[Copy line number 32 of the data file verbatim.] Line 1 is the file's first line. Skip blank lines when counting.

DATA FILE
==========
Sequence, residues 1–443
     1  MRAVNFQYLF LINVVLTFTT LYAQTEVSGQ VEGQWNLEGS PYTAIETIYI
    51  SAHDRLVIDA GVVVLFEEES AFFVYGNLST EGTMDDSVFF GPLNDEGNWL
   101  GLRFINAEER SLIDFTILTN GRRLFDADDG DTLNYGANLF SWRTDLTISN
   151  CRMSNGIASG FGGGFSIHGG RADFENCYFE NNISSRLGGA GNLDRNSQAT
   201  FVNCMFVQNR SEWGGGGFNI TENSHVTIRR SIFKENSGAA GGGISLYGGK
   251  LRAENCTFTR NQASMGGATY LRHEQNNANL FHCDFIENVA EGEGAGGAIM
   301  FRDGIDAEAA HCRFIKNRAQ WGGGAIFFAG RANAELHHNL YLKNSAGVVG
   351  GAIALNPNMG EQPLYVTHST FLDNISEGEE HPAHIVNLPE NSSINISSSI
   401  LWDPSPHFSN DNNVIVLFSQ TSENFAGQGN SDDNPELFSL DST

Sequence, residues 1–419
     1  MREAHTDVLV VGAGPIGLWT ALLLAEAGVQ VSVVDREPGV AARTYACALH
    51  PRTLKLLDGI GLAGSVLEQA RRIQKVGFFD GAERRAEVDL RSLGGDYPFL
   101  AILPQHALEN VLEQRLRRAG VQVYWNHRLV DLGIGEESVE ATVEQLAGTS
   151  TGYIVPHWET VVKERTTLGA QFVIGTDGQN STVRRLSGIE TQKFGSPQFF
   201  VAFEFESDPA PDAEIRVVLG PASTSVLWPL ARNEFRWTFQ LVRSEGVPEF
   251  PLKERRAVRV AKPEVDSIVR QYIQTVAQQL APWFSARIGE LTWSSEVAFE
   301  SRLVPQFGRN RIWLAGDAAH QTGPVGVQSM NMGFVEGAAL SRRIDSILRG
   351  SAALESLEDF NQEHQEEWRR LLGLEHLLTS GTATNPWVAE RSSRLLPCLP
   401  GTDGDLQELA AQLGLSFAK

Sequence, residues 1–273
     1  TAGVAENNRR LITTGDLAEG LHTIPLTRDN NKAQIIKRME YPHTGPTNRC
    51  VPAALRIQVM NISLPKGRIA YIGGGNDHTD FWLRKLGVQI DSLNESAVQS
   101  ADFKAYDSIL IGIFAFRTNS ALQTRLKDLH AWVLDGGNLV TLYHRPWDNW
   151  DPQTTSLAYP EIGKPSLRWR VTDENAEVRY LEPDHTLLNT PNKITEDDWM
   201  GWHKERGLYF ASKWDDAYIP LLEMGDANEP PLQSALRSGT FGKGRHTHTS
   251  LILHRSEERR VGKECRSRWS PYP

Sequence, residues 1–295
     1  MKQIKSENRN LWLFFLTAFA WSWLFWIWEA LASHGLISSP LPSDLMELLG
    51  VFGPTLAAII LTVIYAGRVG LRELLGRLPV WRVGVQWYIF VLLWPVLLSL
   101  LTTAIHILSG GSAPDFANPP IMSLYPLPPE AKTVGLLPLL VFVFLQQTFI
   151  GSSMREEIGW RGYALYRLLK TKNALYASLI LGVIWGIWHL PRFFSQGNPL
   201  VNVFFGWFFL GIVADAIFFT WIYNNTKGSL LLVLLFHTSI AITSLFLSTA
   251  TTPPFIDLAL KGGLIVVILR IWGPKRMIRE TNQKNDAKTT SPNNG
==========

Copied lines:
   151  GSSMREEIGW RGYALYRLLK TKNALYASLI LGVIWGIWHL PRFFSQGNPL